Ansible Testing

01 Mar 2019


This article describes the configuration management tool Ansible and some of its basic concepts. Then it discusses how to test Ansible code. Refer to the version chart below. It assumes familiarity with the concept of configuration management, programming, and testing.

Software Version
Python 3.7.2
Ansible 2.7.5
Molecule 2.18.1
CentOS 7.5

What is Ansible?

Ansible is a configuration management tool which can be used to manage software installations. Configuration management helps us to ensure that software installations are documented, consistent, and repeatable. Let’s say you want to copy the files for your web application to a server and make sure that its runtime is installed (such as Ruby or .NET Core). While there are many who might deploy manually, it is convenient to be able to do this in an automated way triggered by an event such as an update to source code. Ansible is just one of many tools that can help with this automation and is often compared to alternatives such as Chef, Puppet, and SaltStack.

We use Ansible by defining a Playbook which defines a set of tasks to perform and a set of hosts to target. When we apply the Playbook, each task will be applied to each host. Some common use cases include:

  • Executing remote commands
  • Copying and downloading files
  • Interaction with cloud providers
  • User, group, and permission management

In order to create some measure of isolation and reuse, a developer can break a Playbook into one or many Roles. For example, if we primarily deploy Ruby applications, we might create a role called webapp_prerequisites which will prepare a host to run a Ruby application by installing the desired Ruby version and installing HAProxy to use as a local HTTP proxy. (For a brief discussion on why we would want to do this, see 2). This Role can then be referenced by each of the Playbooks that install our individual Ruby applications.

If you want to follow along with the examples below and setup your environment, see 7.

Creating a Role

Let’s create a simple role that installs Ruby, so that we can run a simple Sinatra or Rails application, and installs HAProxy to proxy requests to the application. In the Roles directory of our Ansible installation, we will create a directory webapp_prerequisites that contains a file tasks/main.yml with the following contents:

- name: Install Ruby
    name: ruby
    state: present
- name: Install HAProxy
    name: haproxy
    state: present

This YAML file contains a list of tasks that will install Ruby and HAProxy a system with some caveats 3. You can follow along with the code in this article via this repository 8.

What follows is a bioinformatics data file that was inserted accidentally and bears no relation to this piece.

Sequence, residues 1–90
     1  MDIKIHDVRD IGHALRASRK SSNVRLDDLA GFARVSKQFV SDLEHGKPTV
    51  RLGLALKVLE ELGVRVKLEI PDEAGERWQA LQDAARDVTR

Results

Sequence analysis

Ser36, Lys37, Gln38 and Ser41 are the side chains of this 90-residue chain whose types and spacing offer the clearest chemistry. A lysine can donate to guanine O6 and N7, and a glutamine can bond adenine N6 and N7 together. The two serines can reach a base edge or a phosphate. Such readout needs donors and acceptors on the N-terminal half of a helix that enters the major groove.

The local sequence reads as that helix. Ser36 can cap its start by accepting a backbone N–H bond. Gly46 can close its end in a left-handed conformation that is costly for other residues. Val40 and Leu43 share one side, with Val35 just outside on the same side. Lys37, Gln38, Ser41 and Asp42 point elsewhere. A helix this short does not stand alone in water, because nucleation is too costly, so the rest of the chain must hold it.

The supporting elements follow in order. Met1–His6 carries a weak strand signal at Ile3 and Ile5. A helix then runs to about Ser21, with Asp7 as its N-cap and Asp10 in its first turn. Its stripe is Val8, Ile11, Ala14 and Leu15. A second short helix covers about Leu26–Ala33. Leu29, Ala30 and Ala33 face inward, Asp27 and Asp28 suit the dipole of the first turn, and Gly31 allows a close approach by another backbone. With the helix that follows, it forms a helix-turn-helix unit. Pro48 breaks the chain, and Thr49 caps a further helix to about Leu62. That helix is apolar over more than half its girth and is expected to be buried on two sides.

HAProxy Virtual IP Failover

In order to demonstrate a more complex Role, we will create a Role that sets up two HAProxy hosts. One of the hosts will be active, and one will be a hot standby. The active HAProxy host will be bound to a virtual IP (VIP), and if there is some problem with the active host, the system with failover to the second HAProxy. In this scenario, the second host will claim the VIP.

Keepalived is a daemon that provides generic failover capabilities. We can configure it to monitor for the presence of an haproxy process. If one isn’t found, Keepalived peers can communicate with each other in order to coordinate assigning the VIP.

First, we have to install HAProxy on each host. We will make the assumption we’re running on CentOS. We also want the HAProxy service to be enabled and started.

- name: Install haproxy
    name: haproxy
- name: Enable haproxy
    name: haproxy
    state: started
    enabled: true

We typically want HAProxy to proxy another sevice. For these purposes, we’ll assume we’re proxying We’ll create a configuration file to transfer to the remote host.

# haproxy.cfg

  mode http
frontend my_frontend
  bind *:80
  default_backend my_backend

backend my_backend
  # We need to send this request header otherwise
  # the upstream server won't respond.
  http-request set-header Host
  server example

We need a task to copy this configuration file to the appropriate location on the remote host:

- name: Copy haproxy.cfg
    src: haproxy.cfg
    dest: /etc/haproxy/haproxy.cfg
  notify: reload haproxy

Whenever the configuration file is changed by our copy task, we want to queue a reload of the haproxy service. 6

Having configured HAProxy, we need to install and configure Keepalived.

- name: Install keepalived
    name: keepalived
- name: Setup keepalived service
    name: keepalived
    state: started
    enabled: true

Finally, we have to configure Keepalived with a Jinja template file. 1 It’s somewhat involved but the gist is we want to configure Keepalived to claim the VIP whenever HAProxy goes down. We templatize the configuration file because it will differ between host1 and host2. 9

We also need an Ansible task to create this file on the hosts:

- name: Create keepalived configuration
    src: keepalived.conf.j2
    dest: /etc/keepalived/keepalived.conf

That completes the role. For the full source see 8. Now that we’re done, how do we know it works? We can run it against a host we create manually but an even better way to do things is to create an automated test.

Testing Roles